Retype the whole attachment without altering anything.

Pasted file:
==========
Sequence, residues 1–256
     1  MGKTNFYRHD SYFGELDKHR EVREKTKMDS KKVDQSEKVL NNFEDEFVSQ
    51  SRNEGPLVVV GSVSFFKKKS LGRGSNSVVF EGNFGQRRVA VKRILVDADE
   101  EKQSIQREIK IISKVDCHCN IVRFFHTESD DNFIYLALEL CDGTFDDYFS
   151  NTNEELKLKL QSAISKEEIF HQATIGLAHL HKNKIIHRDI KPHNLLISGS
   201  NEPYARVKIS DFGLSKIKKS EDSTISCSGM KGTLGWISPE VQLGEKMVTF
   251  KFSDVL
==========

Sequence, residues 1–256
     1  MGKTNFYRHD SYFGELDKHR EVREKTKMDS KKVDQSEKVL NNFEDEFVSQ
    51  SRNEGPLVVV GSVSFFKKKS LGRGSNSVVF EGNFGQRRVA VKRILVDADE
   101  EKQSIQREIK IISKVDCHCN IVRFFHTESD DNFIYLALEL CDGTFDDYFS
   151  NTNEELKLKL QSAISKEEIF HQATIGLAHL HKNKIIHRDI KPHNLLISGS
   201  NEPYARVKIS DFGLSKIKKS EDSTISCSGM KGTLGWISPE VQLGEKMVTF
   251  KFSDVL